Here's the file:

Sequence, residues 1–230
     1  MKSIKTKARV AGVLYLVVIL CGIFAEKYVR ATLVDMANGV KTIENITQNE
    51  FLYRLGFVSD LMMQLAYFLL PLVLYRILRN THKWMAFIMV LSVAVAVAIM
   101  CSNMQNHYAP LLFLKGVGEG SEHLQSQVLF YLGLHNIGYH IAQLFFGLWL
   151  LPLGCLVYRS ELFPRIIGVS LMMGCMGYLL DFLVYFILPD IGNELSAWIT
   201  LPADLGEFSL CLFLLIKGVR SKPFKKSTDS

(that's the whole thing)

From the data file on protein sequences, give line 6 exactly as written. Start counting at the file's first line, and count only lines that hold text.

   201  LPADLGEFSL CLFLLIKGVR SKPFKKSTDS